23. 23. Corder EH, Friedman GD, Vogelman JH, Orentreich N (1995) Seasonal variation in vitamin D, vitamin D-binding protein, and dehydroepiandrosterone: risk of prostate cancer in black and white men. Cancer Epidemiol Biomarkers Prev 4: 655–659. pmid:8547833
  24. 24. Braun MM, Helzlsouer KJ, Hollis BW, Comstock GW (1995) Prostate cancer and prediagnostic levels of serum vitamin D metabolites (Maryland, United States). Cancer Causes Control 6: 235–239. pmid:7612803
  25. 25. Gann PH, Ma J, Hennekens CH, Hollis BW, Haddad JG, et al. (1996) Circulating vitamin D metabolites in relation to subsequent development of prostate cancer. Cancer Epidemiol Biomarkers Prev 5: 121–126. pmid:8850273
  26. 26. Nomura AM, Stemmermann GN, Lee J, Kolonel LN, Chen TC, et al. (1998) Serum vitamin D metabolite levels and the subsequent development of prostate cancer (Hawaii, United States). Cancer Causes Control 9: 425–432. pmid:9794175
  27. 27. Ahonen MH, Tenkanen L, Teppo L, Hakama M, Tuohimaa P (2000) Prostate cancer risk and prediagnostic serum 25-hydroxyvitamin D levels (Finland). Cancer Causes Control 11: 847–852. pmid:11075874
  28. 28. Platz EA, Leitzmann MF, Hollis BW, Willett WC, Giovannucci E (2004) Plasma 1,25-dihydroxy- and 25-hydroxyvitamin D and subsequent risk of prostate cancer. Cancer Causes Control 15: 255–265. pmid:15090720
  29. 29. Jacobs ET, Giuliano AR, Martinez ME, Hollis BW, Reid ME, et al. (2004) Plasma levels of 25-hydroxyvitamin D, 1,25-dihydroxyvitamin D and the risk of prostate cancer. J Steroid Biochem Mol Biol 89–90: 533–537.
  30. 30. Li H, Stampfer MJ, Hollis JB, Mucci LA, Gaziano JM, et al. (2007) A prospective study of plasma vitamin D metabolites, vitamin D receptor polymorphisms, and prostate cancer. PLoS Med 4: e103. pmid:17388667
  31. 31. Faupel-Badger JM, Diaw L, Albanes D, Virtamo J, Woodson K, et al. (2007) Lack of association between serum levels of 25-hydroxyvitamin D and the subsequent risk of prostate cancer in Finnish men. Cancer Epidemiol Biomarkers Prev 16: 2784–2786. pmid:18086789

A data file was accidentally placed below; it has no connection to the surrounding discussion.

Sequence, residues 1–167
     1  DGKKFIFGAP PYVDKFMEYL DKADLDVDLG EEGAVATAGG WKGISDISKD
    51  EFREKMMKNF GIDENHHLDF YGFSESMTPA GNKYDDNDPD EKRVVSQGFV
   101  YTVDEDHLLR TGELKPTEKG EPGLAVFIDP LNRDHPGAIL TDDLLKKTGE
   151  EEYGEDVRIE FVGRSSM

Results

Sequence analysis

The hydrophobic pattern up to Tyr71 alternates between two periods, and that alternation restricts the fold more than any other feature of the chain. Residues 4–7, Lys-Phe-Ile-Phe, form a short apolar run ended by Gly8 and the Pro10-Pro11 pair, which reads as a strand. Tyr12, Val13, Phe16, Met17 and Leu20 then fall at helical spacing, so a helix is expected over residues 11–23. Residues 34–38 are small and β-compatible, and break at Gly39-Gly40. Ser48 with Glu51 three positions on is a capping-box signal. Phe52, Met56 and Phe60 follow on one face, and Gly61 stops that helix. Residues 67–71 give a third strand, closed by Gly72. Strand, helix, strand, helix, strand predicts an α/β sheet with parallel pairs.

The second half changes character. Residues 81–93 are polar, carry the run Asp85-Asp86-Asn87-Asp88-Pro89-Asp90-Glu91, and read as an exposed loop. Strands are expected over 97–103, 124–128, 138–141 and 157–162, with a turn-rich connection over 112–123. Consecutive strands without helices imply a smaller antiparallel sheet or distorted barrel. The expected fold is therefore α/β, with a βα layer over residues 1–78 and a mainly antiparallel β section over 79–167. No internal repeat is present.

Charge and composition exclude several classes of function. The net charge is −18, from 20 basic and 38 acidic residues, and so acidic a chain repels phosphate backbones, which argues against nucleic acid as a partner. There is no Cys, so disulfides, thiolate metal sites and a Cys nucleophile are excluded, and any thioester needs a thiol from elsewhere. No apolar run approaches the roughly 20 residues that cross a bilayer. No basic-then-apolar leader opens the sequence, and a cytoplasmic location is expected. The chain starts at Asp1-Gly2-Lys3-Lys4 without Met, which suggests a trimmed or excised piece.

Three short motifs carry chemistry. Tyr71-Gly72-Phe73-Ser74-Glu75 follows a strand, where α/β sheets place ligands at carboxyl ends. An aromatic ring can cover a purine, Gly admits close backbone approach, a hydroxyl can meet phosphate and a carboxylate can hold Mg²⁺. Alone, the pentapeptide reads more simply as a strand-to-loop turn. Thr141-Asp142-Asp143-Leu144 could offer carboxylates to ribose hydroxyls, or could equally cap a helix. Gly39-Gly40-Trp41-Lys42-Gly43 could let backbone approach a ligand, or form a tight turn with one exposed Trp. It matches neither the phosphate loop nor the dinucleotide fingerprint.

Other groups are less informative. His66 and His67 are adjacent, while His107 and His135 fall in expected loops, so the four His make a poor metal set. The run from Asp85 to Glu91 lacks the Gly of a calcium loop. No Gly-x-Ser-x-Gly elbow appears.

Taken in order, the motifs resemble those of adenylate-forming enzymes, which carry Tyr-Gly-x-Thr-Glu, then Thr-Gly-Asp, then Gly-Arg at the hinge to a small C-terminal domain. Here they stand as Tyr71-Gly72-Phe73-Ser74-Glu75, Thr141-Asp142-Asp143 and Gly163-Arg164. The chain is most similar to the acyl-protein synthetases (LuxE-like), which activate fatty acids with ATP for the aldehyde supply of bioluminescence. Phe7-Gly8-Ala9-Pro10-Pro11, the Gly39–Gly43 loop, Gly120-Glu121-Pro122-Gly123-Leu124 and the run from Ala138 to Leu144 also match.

32. 32. Travis RC, Crowe FL, Allen NE, Appleby PN, Roddam AW, et al. (2009) Serum vitamin D and risk of prostate cancer in a case-control analysis nested within the European Prospective Investigation into Cancer and Nutrition (EPIC). Am J Epidemiol 169: 1223–1232. pmid:19359375
  33. 33. Ordonez-Mena JM, Schottker B, Haug U, Muller H, Kohrle J, et al. (2013) Serum 25-hydroxyvitamin d and cancer risk in older adults: results from a large German prospective cohort study. Cancer Epidemiol Biomarkers Prev 22: 905–916. pmid:23462913
  34. 34. Ahn J, Peters U, Albanes D, Purdue MP, Abnet CC, et al. (2008) Serum vitamin D concentration and prostate cancer risk: a nested case-control study. J Natl Cancer Inst 100: 796–804. pmid:18505967
  35. 35. Park SY, Cooney RV, Wilkens LR, Murphy SP, Henderson BE, et al. (2010) Plasma 25-hydroxyvitamin D and prostate cancer risk: the multiethnic cohort. Eur J Cancer 46: 932–936. pmid:20064705
  36. 36. Barnett CM, Nielson CM, Shannon J, Chan JM, Shikany JM, et al. (2010) Serum 25-OH vitamin D levels and risk of developing prostate cancer in older men. Cancer Causes Control.
  37. 37. Brandstedt J, Almquist M, Manjer J, Malm J (2012) Vitamin D, PTH, and calcium and the risk of prostate cancer: a prospective nested case-control study. Cancer Causes Control 23: 1377–1385. pmid:22706676
  38. 38. Albanes D, Mondul AM, Yu K, Parisi D, Horst RL, et al. (2011) Serum 25-hydroxy vitamin D and prostate cancer risk in a large nested case-control study. Cancer Epidemiol Biomarkers Prev 20: 1850–1860. pmid:21784952
  39. 39. Tuohimaa P, Tenkanen L, Ahonen M, Lumme S, Jellum E, et al. (2004) Both high and low levels of blood vitamin D are associated with a higher prostate cancer risk: a longitudinal, nested case-control study in the Nordic countries. Int J Cancer 108: 104–108. pmid:14618623
  40. 40. Schenk JM, Till CA, Tangen CM, Goodman PJ, Song X, et al. (2014) Serum 25-hydroxyvitamin d concentrations and risk of prostate cancer: results from the Prostate Cancer Prevention Trial. Cancer Epidemiol Biomarkers Prev 23: 1484–1493. pmid:25085836
  41. 41. Michaelsson K, Baron JA, Snellman G, Gedeborg R, Byberg L, et al. (2010) Plasma vitamin D and mortality in older men: a community-based prospective cohort study. Am J Clin Nutr 92: 841–848. pmid:20720256
  42. 42. Amrein K, Quraishi SA, Litonjua AA, Gibbons FK, Pieber TR, et al. (2014) Evidence for a U-shaped relationship between pre-hospital vitamin D status and mortality: a cohort study. J Clin Endocrinol Metab: jc20133481.
  43. 43. Chowdhury R, Kunutsor S, Vitezova A, Oliver-Williams C, Chowdhury S, et al. (2014) Vitamin D and risk of cause specific death: systematic review and meta-analysis of observational cohort and randomised intervention studies. BMJ 348: g1903. pmid:24690623
  44. 44. Schroeder JC, Bensen JT, Su LJ, Mishel M, Ivanova A, et al. (2006) The North Carolina-Louisiana Prostate Cancer Project (PCaP): methods and design of a multidisciplinary population-based cohort study of racial differences in prostate cancer outcomes. Prostate 66: 1162–1176. pmid:16676364